The first tender was issued last week on 16 August 2017, and for the next several weeks the full number of tenders will be issued.

Bid specification committees have been appointed, the development of bid specifications is in progress, and the bids are registered on the demand register.

Each batch of tenders will be processed as quickly as possible. Council has provided the administration with permission to use emergency procurement mechanisms in order to ensure that Cape Town is able to achieve a safe supply of water.

Within the rules of the Municipal Finance Management Act (MFMA), budgetary provisions for augmentation will need to be increased and reprioritised.

A variety of technologies will be introduced to augment the system and commissioning dates vary according to staging of procurement and complexities related to installation and site preparation.

For the immediate phases to get to the 500 million litres per day, 350 million litres will come from desalination, 100 million litres from ground water extraction, and 50 million litres from water reuse.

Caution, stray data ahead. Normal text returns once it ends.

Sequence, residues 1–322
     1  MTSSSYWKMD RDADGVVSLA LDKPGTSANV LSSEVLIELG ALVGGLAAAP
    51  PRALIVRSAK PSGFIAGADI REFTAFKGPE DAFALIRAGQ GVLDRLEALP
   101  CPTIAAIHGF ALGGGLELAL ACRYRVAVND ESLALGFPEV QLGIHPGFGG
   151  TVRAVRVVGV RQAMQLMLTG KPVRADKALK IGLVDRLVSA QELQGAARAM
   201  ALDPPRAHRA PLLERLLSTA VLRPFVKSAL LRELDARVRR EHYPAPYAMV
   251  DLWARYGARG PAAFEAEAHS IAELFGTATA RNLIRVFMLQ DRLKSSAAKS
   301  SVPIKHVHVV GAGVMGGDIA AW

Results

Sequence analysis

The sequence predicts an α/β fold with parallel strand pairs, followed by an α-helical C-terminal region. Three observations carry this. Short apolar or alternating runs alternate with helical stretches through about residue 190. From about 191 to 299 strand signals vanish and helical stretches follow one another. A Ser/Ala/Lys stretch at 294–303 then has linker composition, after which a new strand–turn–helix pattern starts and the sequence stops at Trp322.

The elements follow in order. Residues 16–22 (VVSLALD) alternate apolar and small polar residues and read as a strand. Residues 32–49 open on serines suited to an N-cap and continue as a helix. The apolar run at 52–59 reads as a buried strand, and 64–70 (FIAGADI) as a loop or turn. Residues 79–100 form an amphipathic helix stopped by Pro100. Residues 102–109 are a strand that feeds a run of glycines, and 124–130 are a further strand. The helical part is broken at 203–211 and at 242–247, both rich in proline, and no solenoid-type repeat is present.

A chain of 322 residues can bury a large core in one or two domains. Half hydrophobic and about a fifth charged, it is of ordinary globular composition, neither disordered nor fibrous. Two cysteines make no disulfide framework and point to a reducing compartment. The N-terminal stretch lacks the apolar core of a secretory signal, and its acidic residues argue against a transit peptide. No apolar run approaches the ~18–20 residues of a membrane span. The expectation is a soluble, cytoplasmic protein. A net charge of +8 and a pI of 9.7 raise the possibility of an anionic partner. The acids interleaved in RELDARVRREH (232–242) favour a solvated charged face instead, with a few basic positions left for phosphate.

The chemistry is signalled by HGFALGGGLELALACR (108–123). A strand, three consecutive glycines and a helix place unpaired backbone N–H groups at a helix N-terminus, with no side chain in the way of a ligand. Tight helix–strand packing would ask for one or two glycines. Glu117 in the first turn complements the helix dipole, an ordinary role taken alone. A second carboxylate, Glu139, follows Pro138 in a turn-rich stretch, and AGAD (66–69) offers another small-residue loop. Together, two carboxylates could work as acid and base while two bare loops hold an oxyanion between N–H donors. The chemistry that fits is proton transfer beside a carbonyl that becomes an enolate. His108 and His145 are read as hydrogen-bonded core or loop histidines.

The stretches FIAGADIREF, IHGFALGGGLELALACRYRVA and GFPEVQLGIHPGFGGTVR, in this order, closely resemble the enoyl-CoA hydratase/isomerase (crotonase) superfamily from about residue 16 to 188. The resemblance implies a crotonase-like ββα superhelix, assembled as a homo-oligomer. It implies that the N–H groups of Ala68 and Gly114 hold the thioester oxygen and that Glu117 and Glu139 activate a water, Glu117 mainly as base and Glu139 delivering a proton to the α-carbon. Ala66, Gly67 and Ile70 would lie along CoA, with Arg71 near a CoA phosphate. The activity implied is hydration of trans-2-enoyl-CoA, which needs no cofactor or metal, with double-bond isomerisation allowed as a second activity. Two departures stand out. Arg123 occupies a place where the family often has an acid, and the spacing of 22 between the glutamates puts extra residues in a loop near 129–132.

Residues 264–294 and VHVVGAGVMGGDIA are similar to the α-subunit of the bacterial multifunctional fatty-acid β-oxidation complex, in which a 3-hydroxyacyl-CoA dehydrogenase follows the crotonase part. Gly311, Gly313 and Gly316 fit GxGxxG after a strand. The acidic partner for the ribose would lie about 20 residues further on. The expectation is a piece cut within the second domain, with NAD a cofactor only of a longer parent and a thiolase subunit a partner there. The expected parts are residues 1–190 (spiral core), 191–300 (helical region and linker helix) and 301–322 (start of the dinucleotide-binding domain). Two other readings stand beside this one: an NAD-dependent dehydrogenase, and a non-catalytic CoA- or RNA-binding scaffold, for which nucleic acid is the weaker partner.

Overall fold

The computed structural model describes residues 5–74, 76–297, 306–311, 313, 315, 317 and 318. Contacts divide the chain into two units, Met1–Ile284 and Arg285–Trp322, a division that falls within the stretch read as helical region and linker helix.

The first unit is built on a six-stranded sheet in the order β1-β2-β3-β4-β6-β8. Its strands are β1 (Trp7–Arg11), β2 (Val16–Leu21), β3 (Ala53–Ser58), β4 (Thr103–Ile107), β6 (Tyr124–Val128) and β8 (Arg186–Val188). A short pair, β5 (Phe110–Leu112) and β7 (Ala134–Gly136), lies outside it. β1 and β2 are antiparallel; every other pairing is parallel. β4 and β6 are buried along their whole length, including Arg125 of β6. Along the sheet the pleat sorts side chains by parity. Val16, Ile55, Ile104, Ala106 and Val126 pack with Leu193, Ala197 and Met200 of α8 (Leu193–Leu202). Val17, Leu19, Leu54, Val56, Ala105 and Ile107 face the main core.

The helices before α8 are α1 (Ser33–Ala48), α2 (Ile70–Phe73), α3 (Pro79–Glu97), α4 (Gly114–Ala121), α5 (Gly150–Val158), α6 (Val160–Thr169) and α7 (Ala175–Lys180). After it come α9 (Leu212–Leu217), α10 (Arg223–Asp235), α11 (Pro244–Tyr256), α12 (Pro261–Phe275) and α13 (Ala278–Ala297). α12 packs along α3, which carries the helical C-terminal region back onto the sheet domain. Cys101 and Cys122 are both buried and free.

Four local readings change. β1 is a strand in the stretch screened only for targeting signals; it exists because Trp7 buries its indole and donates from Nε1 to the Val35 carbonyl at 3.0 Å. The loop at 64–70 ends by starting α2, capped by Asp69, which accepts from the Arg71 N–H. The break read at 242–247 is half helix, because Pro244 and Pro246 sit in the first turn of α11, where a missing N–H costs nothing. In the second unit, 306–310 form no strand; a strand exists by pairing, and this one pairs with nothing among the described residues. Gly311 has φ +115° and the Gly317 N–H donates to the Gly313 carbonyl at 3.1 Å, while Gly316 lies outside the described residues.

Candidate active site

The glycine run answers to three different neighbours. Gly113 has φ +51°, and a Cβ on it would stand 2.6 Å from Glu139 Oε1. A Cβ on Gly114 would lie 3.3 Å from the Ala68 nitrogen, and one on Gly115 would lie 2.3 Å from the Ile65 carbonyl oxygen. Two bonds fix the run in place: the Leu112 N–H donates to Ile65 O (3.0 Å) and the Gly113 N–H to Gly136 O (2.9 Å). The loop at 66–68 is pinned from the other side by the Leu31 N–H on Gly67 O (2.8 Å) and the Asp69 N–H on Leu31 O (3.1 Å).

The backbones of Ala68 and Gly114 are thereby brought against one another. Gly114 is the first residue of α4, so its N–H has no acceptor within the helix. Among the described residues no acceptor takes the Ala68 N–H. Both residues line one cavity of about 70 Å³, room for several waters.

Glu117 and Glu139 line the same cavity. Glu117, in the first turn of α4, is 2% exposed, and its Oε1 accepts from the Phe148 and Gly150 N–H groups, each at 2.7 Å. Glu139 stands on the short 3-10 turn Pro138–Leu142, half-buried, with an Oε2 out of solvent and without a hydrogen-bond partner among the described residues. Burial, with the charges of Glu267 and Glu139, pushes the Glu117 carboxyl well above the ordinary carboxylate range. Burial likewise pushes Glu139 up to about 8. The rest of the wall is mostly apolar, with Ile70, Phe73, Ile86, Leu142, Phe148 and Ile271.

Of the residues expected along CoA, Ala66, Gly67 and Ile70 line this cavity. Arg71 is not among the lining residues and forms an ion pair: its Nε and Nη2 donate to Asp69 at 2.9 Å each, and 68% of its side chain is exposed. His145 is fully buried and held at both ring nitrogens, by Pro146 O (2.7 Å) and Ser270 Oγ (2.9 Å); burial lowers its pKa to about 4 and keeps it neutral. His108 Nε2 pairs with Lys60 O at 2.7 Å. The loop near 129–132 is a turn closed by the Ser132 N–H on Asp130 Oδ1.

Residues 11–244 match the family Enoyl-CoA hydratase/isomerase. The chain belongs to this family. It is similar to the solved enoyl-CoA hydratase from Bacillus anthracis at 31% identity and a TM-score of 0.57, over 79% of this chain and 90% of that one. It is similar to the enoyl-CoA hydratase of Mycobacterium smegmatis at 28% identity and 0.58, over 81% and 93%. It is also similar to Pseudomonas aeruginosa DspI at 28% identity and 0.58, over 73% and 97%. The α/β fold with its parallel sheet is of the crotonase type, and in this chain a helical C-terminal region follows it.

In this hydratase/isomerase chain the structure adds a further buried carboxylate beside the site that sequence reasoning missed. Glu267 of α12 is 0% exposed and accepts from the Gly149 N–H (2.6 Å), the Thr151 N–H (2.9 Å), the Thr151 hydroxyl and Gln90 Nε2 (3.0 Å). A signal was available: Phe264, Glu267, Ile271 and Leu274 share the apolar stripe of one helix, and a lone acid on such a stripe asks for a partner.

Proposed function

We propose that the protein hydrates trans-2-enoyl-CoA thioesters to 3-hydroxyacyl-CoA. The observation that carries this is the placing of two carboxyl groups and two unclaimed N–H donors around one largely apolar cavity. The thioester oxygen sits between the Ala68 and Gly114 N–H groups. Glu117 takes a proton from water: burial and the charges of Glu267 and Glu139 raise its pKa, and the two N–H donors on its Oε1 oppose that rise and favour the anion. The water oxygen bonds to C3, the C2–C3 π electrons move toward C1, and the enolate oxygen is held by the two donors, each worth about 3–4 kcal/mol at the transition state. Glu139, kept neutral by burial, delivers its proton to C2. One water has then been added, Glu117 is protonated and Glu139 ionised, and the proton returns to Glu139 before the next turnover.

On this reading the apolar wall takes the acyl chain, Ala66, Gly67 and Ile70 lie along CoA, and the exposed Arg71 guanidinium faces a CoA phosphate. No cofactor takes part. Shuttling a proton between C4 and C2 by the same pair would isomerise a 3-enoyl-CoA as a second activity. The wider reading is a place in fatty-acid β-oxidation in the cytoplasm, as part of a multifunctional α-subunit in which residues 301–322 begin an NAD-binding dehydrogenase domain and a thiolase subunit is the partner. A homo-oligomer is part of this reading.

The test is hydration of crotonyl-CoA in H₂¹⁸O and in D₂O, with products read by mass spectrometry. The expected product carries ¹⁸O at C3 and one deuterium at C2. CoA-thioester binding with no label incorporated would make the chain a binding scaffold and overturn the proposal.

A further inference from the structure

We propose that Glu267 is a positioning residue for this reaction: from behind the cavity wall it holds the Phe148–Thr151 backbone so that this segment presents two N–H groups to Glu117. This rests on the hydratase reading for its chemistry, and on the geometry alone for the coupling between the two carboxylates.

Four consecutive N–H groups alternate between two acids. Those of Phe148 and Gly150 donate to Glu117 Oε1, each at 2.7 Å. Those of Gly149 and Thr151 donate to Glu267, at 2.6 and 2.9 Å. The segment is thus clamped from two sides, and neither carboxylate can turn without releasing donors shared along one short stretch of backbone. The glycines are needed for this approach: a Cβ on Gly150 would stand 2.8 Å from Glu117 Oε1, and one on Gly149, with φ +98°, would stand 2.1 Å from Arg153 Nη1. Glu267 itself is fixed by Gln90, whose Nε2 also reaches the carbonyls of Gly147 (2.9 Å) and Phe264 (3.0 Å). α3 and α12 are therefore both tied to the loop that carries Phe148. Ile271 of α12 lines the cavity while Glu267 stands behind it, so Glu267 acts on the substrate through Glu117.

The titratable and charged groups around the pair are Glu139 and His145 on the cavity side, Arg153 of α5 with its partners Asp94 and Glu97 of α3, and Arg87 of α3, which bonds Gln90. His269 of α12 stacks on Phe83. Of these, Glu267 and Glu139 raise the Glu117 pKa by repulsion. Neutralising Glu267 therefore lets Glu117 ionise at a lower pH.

These augmentation schemes are in addition to planned augmentation of 10 million litres per day from the Table Mountain Group Aquifer and one million litres per day from the Oranjezicht Spring.

Where new water augmentation installations require licensing, inclusive of environmental authorisations and water use licences, these are being sought from the relevant competent authorities including the National Department of Environmental Affairs and the National Department of Water and Sanitation. Our officials have already made the two national departments aware of the extent of the authorisations that will be sought.

I was meant meet the Minister of Water and Sanitation, Nomvula Mokonyane, yesterday to bring the City’s licensing applications to her attention but our meeting was cancelled and we will ensure that we meet with her as soon as possible.